This paper describes Finite Element (FE) modelling of a weld between a tube and a machined feature on a curved pressure vessel surface. The components were manufactured from a ferritic steel with a matched weld metal deposited by a mechanised TIG process. The weld region then underwent a local Post-Weld Heat Treatment (PWHT) which used heating bands and cooling air flows to control the temperature distribution. The PWHT’s aim was to provide stress relief and HAZ tempering, while minimising the stresses due to thermal gradients in the component. Trial welds on representative test pieces had predicted significant welding-induced distortions. Therefore, during the weld and PWHT, restraints were applied to the tube to prevent excessive deformation. The material behaviour was represented using Abaqus’ built-in material options, with the same properties for both the base metal and the filler. Isotropic hardening was assumed and the stress relaxation during the PWHT was modelled by applying a Norton creep law only during the hold time. Phase transformation effects in the ferritic material were not included. Initial modelling used a 2D axisymmetric model to allow sensitivity studies to inform the development of the PWHT process. These showed that the degree of stress relief was much more sensitive to the soak temperature than the hold time. Subsequent runs analysed a 3D model using a segmented block-dumping technique, with the deposition modelled by introducing the weld elements in 90° segments. The 3D modelling was undertaken in order to more accurately model potentially asymmetric welding distortions and residual stresses. The torch was represented by a body flux into each segment after its introduction. This model was also run without restraint to provide validation by comparing the predicted distortion with measurements from the welding trials; a good match was demonstrated. Further comparisons were made between the predicted stresses and results of Incremental Centre Hole-Drilling (ICHD) stress measurements made on the trial specimens both in the as-welded condition and after PWHT. The measured stresses were close to those predicted by the FE analysis and the key features of the predicted stress field were apparent in the measurement data. Due to the location of the tube’s attachment to the pressure vessel, thermal expansion of the vessel during the PWHT caused the tube to bend. The induced bending stresses were then relaxed during the soak and re-introduced in the opposite sense as the system cooled. This effect was captured by running the analysis as a submodel of a global FE model with displacements read across at nodes in the pressure vessel shell immediately below the weld.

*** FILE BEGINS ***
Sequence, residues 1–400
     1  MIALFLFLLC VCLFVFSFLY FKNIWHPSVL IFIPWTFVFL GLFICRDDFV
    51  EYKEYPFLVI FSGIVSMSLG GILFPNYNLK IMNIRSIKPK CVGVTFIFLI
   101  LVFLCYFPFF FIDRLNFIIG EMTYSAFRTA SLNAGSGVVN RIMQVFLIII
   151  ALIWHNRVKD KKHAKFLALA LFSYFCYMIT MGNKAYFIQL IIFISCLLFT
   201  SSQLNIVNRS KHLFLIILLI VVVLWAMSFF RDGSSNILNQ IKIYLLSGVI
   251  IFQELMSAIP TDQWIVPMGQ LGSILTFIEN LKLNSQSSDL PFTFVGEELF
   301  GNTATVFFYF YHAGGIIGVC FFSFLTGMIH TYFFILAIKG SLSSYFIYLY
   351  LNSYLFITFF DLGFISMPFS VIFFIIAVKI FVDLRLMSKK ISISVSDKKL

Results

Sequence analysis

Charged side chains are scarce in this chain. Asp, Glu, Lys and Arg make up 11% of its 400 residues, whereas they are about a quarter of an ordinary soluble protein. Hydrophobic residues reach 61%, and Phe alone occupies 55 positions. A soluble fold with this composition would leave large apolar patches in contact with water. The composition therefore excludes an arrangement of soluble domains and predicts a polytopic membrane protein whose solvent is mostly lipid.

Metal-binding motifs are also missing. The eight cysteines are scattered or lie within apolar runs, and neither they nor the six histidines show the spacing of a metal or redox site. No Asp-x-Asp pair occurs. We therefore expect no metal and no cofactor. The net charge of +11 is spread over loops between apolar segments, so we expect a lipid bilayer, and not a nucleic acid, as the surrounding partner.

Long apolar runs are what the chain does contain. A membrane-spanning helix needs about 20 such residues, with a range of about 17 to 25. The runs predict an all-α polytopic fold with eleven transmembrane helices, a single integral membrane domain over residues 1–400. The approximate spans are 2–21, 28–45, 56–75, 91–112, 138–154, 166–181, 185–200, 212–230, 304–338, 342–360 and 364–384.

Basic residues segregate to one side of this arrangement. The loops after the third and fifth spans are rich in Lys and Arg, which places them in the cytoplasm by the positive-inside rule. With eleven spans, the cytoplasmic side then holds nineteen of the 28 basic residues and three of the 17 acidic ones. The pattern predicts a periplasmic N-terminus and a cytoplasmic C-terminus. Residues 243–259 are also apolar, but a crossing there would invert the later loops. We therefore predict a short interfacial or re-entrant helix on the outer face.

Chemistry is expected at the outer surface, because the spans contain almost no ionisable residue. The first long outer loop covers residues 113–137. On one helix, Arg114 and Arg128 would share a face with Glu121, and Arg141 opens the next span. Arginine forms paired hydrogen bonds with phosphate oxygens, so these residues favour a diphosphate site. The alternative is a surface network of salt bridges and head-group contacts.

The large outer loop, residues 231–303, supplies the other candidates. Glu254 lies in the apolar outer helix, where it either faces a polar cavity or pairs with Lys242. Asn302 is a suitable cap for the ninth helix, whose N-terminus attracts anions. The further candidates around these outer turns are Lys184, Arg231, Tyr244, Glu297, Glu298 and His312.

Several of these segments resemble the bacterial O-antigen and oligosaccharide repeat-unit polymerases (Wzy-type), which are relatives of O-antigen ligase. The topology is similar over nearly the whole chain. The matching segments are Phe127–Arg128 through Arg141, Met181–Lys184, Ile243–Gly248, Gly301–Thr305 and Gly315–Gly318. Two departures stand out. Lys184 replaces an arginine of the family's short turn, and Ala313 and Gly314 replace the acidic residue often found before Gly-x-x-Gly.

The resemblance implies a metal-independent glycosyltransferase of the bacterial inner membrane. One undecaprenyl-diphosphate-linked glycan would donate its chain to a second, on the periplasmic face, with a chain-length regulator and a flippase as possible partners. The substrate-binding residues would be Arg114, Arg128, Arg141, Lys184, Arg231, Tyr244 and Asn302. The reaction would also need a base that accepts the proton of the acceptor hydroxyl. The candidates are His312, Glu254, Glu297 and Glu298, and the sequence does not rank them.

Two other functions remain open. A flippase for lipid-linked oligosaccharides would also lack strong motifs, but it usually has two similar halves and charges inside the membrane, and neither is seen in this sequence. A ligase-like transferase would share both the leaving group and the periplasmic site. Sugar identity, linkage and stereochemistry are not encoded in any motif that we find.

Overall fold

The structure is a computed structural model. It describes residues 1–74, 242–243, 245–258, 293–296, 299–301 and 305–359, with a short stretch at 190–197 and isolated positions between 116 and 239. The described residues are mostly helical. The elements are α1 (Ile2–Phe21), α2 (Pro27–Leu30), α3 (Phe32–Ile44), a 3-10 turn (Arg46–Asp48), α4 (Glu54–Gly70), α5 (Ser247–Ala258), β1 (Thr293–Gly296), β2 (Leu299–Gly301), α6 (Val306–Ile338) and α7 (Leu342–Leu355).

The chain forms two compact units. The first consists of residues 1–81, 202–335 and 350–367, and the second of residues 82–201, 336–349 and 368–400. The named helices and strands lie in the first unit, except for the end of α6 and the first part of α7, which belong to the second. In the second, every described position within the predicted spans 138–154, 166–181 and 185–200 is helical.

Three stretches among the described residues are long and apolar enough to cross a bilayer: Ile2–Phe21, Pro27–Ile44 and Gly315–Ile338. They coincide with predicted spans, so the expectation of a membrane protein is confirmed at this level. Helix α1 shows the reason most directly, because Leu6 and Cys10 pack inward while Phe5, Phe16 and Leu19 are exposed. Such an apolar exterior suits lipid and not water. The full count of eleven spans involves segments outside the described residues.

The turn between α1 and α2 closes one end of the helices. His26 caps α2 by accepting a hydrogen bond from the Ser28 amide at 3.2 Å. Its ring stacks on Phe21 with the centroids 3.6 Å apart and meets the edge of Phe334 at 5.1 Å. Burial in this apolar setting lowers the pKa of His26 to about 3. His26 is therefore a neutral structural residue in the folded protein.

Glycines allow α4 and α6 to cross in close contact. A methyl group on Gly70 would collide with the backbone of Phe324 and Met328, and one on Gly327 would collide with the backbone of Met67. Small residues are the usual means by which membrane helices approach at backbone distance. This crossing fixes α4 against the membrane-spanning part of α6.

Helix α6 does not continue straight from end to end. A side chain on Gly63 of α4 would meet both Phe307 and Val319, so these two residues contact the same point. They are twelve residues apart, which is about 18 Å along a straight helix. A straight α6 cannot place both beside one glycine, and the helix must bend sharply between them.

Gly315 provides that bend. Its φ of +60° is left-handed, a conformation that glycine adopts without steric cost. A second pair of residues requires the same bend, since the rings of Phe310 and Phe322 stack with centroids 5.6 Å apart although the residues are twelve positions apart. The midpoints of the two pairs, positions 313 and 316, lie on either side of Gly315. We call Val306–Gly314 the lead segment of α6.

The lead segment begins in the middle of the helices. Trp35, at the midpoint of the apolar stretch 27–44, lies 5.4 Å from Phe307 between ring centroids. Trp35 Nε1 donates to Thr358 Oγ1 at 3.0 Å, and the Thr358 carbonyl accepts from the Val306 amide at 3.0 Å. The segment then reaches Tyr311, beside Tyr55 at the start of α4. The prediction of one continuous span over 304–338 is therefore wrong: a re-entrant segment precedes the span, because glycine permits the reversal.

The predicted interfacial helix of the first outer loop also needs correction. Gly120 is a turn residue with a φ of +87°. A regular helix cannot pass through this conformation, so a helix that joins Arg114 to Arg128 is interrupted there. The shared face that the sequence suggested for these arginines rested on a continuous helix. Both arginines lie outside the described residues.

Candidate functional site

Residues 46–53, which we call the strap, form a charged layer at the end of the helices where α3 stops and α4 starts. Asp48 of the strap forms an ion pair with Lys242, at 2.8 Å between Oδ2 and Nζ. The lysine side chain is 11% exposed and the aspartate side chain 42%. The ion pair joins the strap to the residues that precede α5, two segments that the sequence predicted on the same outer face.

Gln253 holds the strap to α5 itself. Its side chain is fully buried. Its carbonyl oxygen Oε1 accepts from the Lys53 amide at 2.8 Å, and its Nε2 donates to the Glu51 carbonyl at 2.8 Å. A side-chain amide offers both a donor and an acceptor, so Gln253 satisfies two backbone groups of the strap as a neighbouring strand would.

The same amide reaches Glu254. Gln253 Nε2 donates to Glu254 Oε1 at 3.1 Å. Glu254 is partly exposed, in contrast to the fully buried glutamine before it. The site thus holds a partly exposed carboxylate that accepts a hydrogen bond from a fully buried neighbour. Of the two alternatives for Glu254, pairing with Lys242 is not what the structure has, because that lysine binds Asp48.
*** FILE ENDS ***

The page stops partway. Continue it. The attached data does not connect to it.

This content is only available via PDF.
You do not currently have access to this content.